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Elearning {hearts} Marketing

elearning loves marketing

I’m squeamish about sticking cables into my cortex, but I love the scene from the Matrix where Neo jacks in to learn karate (Oh Wachowski Brothers Where Art Thou?).  There are so many things I want to learn. The internet is my matrix.  Yet as the internet grows the world’s knowledge base, the pressure to learn more and learn more quickly also grows.  I believe there’s a huge opportunity to address this challenge through an approach that combines elearning + marketing to discover, share, and apply learning.

Traditional K-12 and higher education is experiencing its own elearning-driven renaissance.  However, my focus is on the application of elearning to lifelong learning and professional settings, where there is no captive audience.  Attracting and retaining this audience requires a more streamlined approach than that required by traditional education.  To reflect the distinction, I refer to this audience as customers rather than students.

Learners as customers

An educated customer is a better customer, whether it’s a patient being treated for crohns disease being more compliant and objective, or a home owner eager to maximize energy savings from the newfangled high efficiency appliance they recently purchased.  In both cases, there is more satisfaction, more allegiance, and more profit.  More value.

Many instructional designers, training managers, and other elearning professionals feel marketing is anathema to the value of “pure” elearning.  But let’s not throw out the bathwater just yet.  There are many non-commercial applications benefitting from the elearning + marketing approach, not the least of which is lifelong learning.  I see marketing as the art of getting the Right Message to the Right People at the Right Time, and crucially, Convincing them to engage.  The same goals could be ascribed to elearning design.  Most naysayers can agree with this point but they point to accreditation.  Without accreditation, the value of self-directed learning will remain ephemeral in a professional setting.

Legitimizing self-directed learning

Influential organizations like Microsoft, Macarthur Foundation and mozilla are exploring creative ways to evaluate self-directed learning.  These creative explorations include gamification, which will expand the customer base to knowledge mercenaries who will seek out valuable elearning for the bragging rights.  This massive effort to legitimize self-directed learning is valuable because discovering and sharing knowledge is a hallmark of thought leadership.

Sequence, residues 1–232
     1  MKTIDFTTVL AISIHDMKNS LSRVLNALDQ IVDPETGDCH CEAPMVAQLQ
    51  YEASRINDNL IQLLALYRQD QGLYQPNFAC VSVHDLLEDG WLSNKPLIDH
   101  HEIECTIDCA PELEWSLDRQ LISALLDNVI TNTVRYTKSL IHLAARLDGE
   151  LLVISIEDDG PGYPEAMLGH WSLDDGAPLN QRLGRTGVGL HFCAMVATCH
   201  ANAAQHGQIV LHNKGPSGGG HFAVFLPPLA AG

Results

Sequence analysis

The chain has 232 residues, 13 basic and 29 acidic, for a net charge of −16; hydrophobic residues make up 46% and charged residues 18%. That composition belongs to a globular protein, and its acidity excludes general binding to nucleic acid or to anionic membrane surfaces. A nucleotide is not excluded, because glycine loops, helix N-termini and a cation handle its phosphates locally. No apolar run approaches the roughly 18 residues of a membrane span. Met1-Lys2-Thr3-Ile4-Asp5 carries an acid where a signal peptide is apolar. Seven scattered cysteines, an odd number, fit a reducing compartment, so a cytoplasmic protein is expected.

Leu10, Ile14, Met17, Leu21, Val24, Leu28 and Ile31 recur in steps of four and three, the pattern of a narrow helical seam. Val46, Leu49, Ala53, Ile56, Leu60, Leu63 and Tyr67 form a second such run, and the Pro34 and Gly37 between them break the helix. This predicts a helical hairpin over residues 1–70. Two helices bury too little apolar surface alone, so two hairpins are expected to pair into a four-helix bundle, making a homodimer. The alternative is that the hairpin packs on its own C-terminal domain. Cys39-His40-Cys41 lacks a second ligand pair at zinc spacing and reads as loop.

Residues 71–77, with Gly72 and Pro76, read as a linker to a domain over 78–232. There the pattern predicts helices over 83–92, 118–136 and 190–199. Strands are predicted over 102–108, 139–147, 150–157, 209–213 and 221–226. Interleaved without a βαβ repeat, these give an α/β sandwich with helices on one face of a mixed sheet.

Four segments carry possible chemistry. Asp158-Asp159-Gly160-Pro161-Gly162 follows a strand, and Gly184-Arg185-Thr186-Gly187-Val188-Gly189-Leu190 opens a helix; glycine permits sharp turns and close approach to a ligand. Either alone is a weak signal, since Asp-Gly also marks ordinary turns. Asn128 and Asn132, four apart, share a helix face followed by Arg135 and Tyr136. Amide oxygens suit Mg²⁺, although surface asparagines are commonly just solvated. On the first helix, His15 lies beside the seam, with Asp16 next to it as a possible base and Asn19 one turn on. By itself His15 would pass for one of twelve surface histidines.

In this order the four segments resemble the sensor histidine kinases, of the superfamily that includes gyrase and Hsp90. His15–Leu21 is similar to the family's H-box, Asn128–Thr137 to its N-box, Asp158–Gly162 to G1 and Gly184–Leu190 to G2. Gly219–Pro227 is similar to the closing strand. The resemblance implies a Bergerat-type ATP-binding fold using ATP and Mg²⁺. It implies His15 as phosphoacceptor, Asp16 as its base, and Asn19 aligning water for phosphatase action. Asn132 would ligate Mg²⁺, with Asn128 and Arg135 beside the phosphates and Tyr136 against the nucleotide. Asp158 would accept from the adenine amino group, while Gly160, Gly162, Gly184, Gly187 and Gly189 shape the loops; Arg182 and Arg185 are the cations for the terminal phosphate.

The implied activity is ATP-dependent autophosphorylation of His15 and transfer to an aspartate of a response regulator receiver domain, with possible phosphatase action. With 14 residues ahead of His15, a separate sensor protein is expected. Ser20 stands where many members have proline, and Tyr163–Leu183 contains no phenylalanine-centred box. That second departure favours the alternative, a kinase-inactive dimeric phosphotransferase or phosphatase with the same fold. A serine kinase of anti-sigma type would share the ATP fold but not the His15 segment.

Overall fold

Discovering more learning opportunities

We discover knowledge through search engines primarily.  Anyone who’s ever had to look past page one search results on google will be glad to know google is committed to making the engine smarter.  With its release of KnowledgeGraph, google is making a big push to reposition itself as a knowledge engine.  Its Google Prediction API, a machine-learning effort, now powers several public websites  including HotPot and Schemer.  These are nascent but significant efforts to make useful recommendations based on machine learning.  Recommendation is not easy to get right (Remember the netflix prize?) but it’s already useful in limited domains.  Other related technologies like Adaptive Learning and Learning Analytics will help us along the path to learn more efficiently and also discover useful areas we feel worth learning more about.

Sharing learning

We like to share what we are learning.  Social media, namely through Facebook, brought sharing to the next level and along with it, brought marketing into our personal lives.  Facebook made marketing more natural.   More intimate.  More effective.  Now, Facebook Search, powered by OpenGraph, will be a treasure trove for triangulating interests — whether they are personal or marketed.

Your-Father’s-Elearning

To tap into this new, more natural way of marketing, Your-Father’s-Elearning will not work.  To be transformational, elearning must do a better job of fitting into our lives.  Elearning must evolve to support the learning-everywhere web.  It must be be more modular and flexible.  Fortunately, the evolution of SCORM, the main elearning standard, is well on its way.  And with gigabit cities in 50 U.S. states by 2015, 3D and HD video will be a feature that greatly enhances the appeal of elearning.

The next generation of elearning will be beautiful, engaging and quick.  It will branch and scaffold in the most valuable way for the customer and marketer.  Elearning then becomes a way to grow customers by contributing to their lives in a meaningful way.

We must do better than an egg hunt approach to seeking, sharing, and applying knowledge.  Our knowledge-based economy must have an increasingly effective way to help its knowledge workers learn more effectively.   I believe elearning + marketing can be the guiding design principle for a new generation of killer apps.

It’s only a matter of time before the first self-directed engineer is hired at Google.  Then we’re off to the races.